In a case study, Marler and colleagues administered NAC to a 4-year-old autistic child with self-injurious behavior over a 3-week period and observed improvement in frequency and severity of self-injurious behavior (77). In another case study, Ghanizadeh and Derakhshan examined NAC effects on clinical symptoms of an 8-year-old boy with ASD over a 6-week period (78). They observed significant improvement in social impairment, social interaction, nail-biting behavior, verbal skills and communication, tics, and aggression as measured with visual analog scale by the parents. Stutzman and Dophiede studied a 17-year-old boy with ASD and intellectual disability who was treated with NAC as an adjuvant therapy to quetiapine over 6 weeks (79). Treatment with NAC led to a reduction in irritability and aggressive behaviors.
Several small-scale clinical trials suggest a potentially positive role for NAC. Hardan and colleagues in a 12-week randomized controlled trial treated children (age range of 3.2–10.7 years) with ASD with NAC (n = 14) or placebo (n = 15) (80). They observed a significant improvement in irritability (as measured by the ABC) and a trend toward significance on stereotypic/repetitive behaviors (as measured by ABC and Repetitive Behavior Scale-Revised) in the NAC compared to the placebo group. Additionally, NAC significantly improved mannerism score (as measured by the SRS). Groups did not significantly differ in terms of medication side effects. In a more recent randomized controlled trial, Ghanizadeh and colleague observed a significant improvement in irritability score (as measured by ABC), but not the core autism symptoms, in children (age range of 3.5–16 years) with ASD treated with risperidone and NAC (n = 17) as compared to risperidone and placebo (n = 14) over an 8-week period (81). In this trial, the most commonly reported side effects were constipation, increased appetite, fatigue, nervousness, and daytime drowsiness. In a similar study, Nikoo and colleagues compared autistic children (age range of 4–12 years) under treatment with risperidone and NAC (n = 20) with those treated with risperidone and placebo (n = 20) over a 10-week period (82). They observed a significant improvement in irritability and hyperactivity/noncompliance as measured by the ABC. No significant differences in side effects were found between the groups. Wink and colleagues in a 12-week randomized controlled trial compared autistic children (age range of 4–12 years) on NAC (n = 16) versus placebo (n = 15) (6 patients were later excluded due to adverse effects or losing follow up) in terms of their social impairment as measured by CGI scale, and also oxidative stress markers in the blood (83). They did not find any significant difference between groups with regard to their CGI, ABC, SRS, or VABS-II scores. However, they observed a significant increase in the level of glutathione and a trend toward significance for increase in the level of oxidized glutathione (GSSG) in the NAC group.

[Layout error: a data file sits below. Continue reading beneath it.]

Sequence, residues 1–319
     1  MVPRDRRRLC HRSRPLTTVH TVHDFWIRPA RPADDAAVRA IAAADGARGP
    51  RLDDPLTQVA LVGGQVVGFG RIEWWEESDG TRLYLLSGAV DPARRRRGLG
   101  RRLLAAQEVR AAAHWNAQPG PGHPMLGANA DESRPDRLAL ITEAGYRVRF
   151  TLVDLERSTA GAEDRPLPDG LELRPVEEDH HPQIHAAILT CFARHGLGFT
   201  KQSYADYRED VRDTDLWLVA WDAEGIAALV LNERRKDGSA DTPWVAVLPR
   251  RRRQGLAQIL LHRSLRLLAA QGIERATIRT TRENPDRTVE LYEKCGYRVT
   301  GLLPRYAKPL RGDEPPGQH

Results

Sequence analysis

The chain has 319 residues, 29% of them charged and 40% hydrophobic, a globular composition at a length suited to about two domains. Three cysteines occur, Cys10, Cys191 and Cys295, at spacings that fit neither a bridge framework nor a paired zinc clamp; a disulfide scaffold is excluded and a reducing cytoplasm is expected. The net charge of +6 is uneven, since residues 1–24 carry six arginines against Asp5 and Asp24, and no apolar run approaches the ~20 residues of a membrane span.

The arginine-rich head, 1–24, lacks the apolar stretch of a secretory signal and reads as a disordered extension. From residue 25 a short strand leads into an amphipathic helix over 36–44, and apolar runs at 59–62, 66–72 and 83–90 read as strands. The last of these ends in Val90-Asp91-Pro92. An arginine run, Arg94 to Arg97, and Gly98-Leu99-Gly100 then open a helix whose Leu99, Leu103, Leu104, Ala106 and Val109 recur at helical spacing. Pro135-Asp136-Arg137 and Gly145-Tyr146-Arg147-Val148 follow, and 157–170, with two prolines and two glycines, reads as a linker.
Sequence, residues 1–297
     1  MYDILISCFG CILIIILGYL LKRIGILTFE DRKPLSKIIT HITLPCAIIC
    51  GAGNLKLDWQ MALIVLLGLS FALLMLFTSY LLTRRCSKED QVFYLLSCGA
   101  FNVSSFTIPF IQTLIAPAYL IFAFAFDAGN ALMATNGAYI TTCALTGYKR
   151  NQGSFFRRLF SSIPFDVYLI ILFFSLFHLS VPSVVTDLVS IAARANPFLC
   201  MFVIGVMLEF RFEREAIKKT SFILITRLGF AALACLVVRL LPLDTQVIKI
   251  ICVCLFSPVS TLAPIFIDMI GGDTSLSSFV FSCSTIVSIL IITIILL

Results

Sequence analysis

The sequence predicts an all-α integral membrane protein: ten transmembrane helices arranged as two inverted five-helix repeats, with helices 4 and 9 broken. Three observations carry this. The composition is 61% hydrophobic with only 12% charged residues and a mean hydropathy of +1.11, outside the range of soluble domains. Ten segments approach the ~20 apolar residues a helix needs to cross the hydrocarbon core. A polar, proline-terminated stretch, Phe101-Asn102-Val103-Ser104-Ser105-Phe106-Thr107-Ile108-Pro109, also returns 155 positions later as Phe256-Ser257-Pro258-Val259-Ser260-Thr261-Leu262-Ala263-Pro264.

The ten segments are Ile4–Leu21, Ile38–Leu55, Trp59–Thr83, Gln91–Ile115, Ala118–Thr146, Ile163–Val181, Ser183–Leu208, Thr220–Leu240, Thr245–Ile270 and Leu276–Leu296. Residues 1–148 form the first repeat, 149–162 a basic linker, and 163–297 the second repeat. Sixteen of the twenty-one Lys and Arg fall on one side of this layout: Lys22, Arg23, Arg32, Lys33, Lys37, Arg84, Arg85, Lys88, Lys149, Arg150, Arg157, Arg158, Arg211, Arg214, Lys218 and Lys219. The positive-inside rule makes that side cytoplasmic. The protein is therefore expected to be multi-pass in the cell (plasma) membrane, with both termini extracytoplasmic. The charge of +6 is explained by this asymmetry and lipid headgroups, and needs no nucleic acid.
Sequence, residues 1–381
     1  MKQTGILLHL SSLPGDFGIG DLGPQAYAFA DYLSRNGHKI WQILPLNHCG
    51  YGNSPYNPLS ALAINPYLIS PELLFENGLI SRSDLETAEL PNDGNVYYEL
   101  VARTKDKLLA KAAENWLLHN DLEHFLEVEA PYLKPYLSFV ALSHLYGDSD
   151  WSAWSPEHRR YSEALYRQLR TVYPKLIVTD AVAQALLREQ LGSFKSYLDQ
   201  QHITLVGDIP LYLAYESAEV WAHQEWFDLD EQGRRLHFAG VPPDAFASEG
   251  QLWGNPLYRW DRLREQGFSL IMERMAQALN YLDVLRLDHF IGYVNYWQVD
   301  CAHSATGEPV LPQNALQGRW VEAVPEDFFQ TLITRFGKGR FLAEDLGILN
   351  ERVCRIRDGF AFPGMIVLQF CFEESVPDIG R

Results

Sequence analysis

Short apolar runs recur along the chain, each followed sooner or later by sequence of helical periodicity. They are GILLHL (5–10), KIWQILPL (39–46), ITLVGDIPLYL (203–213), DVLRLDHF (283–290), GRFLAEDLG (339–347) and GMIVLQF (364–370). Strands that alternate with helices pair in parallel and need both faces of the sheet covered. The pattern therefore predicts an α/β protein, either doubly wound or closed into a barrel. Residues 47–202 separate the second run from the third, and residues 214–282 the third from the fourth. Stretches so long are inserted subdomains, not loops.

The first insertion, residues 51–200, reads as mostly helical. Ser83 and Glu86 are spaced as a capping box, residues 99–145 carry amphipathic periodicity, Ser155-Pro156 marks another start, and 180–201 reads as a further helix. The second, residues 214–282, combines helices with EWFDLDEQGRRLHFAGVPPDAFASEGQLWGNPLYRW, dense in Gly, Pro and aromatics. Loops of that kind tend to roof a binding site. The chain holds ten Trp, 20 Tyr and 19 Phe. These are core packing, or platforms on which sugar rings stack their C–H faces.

Dean and colleagues in a randomized controlled trial compared treatment with NAC versus placebo in 98 children (age range of 3.1–9.9 years) with ASD (50 in the placebo group, 48 in the NAC group) (84) and observed no significant effect of NAC on their primary (i.e. SRS, RBS-R, and children’s communication checklist (CCC-2)) or secondary (i.e. CGI or developmental behavior checklist) outcomes. There was no significant difference in the frequency or severity of adverse events between groups.
Overall, although initial small-scale clinical trials show the potential of NAC in reducing irritability in children with ASD (and possibly some aspects of autistic characteristics in the repetitiveness domain), follow-up larger-scale trials so far fail to show impact on ASD core characteristics. Considering the relatively safe side effect profile, NAC may have a positive role in the treatment of irritability in autistic children (85), but so far there is no evidence supporting its use in targeting ASD core symptoms.
Palmitoylethanolamide is a fatty acid amide with neuroprotective, anti-inflammatory, and anti-nociceptive properties that exert its effect through the peroxisome proliferator-activated receptors (PPAR)-dependent pathway (86). In a case report, Antonucci and colleagues studied efficacy of palmitoylethanolamide on two adolescents with autism. The first was a 13-year-old male with regressive autism and history of eczema and allergy. After treatment with palmitoylethanolamide (Normast®; initially 600 mg daily and then 1200 mg daily) for 1 month, they observed a significant improvement in the CARS-2 score, behavior (i.e. tantrums, stereotyped behaviors, self-talking, outbursts), language abilities, and allergic symptoms (87). The second child was a 15-year-old male with a history of epilepsy. Treatment with Normast for three months led to significant improvement in ATEC score, aggression, cognition, and behavioral skills as well as blood IgE levels. In a randomized controlled trial, Khalaj and colleagues compared risperidone plus palmitoylethanolamide versus risperidone plus placebo over a 10-week period in children (age range of 4–12 years) with ASD (88). Treatment with palmitoylethanolamide resulted in significant improvement in ABC irritability and hyperactivity/noncompliance compared to placebo. The groups did not differ with regard to the side effects.
Taken together, more randomized controlled trials are needed to evaluate the use of palmitoylethanolamide in the treatment of core autism characteristics or associated challenges, as current evidence is still too limited to support its clinical use.